The rape is described about a bajillion more times throughout the book, as she reports it to the police and her parents. And then again to the police when a suspect is arrested. And then again in the preliminary hearing and before the grand jury. And during the trial.
It doesn’t get old. I don’t know what it would be like to read the words, but hearing her speak them on the audio CD is rather lyrical. She did have to tell the story dozens of times. I found even the repetition of exact phrasing to be compelling. Especially during the trial when the defense attorney repeats every one of her answers back to her as though she’s lying. (“How far away would you say he was?” (“A hundred yards, 150 at most.” “A hundred yards? One hundred fifty at most??”)
Even though nothing bad has ever happened to me in my entire life, I related to her. I imagined that if I were to go through something like that, I would handle it as she had: “The best rape witness ever seen on the stand.”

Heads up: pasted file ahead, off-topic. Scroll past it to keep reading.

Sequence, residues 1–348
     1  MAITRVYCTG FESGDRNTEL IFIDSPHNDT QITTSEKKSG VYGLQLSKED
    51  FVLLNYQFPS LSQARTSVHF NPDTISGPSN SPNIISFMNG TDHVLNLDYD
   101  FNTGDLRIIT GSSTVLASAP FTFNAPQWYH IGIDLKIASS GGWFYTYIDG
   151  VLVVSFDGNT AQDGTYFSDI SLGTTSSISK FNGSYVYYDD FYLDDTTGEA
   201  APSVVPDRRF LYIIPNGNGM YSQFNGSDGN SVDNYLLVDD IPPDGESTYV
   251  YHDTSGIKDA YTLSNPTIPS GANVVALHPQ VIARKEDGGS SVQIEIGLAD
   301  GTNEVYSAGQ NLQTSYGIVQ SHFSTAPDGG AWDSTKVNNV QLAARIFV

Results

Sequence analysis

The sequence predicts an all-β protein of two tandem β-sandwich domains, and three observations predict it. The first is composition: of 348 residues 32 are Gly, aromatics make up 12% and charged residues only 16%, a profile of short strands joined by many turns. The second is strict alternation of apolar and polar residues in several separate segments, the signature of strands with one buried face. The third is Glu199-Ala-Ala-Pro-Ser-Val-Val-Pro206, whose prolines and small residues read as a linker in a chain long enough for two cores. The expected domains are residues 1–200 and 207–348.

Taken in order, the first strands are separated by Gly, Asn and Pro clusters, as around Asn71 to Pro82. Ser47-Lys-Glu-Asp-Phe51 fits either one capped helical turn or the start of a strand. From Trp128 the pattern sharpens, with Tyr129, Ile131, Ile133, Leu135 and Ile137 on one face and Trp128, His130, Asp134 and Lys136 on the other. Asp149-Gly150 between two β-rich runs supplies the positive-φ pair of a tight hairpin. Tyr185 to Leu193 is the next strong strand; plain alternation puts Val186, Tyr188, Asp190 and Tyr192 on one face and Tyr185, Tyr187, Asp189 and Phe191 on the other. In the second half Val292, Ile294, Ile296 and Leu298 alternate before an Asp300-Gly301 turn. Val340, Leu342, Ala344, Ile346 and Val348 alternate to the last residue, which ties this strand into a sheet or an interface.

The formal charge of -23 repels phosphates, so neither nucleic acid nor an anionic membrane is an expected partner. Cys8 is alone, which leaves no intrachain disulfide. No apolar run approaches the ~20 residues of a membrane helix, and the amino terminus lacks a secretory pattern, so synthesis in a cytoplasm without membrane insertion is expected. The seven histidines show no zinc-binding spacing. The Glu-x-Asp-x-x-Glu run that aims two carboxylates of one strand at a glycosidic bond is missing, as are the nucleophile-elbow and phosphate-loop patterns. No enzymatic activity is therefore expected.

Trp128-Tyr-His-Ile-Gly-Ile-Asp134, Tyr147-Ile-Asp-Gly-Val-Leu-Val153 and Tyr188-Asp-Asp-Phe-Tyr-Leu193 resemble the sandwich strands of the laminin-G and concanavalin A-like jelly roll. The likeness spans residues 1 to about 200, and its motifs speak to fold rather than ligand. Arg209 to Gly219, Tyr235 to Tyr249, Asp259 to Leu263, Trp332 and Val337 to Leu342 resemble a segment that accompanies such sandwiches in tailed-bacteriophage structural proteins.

I was dumbstruck, therefore, when listening to one of the last tracks of the book. (This is one thing I don’t like about the audio experience…stories end rather abruptly when you can’t tell with your fingers how many pages are left.) The chapter that begins with “Aftermath…” describes Alice procuring and then snorting cheap heroin.
Heroin? What happened to the heroine whose rape accusations were believable in part because she was stone-cold sober when it happened? Pot or acid, fine, but heroin? I’m so disillusioned.